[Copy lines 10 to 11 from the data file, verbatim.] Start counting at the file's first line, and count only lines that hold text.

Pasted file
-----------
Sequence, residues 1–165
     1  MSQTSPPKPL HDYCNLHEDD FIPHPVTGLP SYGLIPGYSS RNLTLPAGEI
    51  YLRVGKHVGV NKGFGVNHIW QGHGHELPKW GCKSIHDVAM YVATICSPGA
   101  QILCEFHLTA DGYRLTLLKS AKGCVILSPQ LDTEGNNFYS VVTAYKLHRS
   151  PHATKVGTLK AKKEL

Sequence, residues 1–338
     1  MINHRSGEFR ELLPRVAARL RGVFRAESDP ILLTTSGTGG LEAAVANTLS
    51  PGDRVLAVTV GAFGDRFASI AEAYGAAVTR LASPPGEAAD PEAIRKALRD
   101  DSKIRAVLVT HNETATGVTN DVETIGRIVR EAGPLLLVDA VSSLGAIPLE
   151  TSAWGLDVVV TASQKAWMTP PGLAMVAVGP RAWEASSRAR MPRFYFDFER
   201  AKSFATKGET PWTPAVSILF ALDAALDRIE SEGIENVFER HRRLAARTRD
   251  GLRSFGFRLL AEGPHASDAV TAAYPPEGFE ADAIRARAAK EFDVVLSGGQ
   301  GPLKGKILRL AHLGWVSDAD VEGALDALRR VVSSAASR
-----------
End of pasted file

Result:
   151  TSAWGLDVVV TASQKAWMTP PGLAMVAVGP RAWEASSRAR MPRFYFDFER
   201  AKSFATKGET PWTPAVSILF ALDAALDRIE SEGIENVFER HRRLAARTRD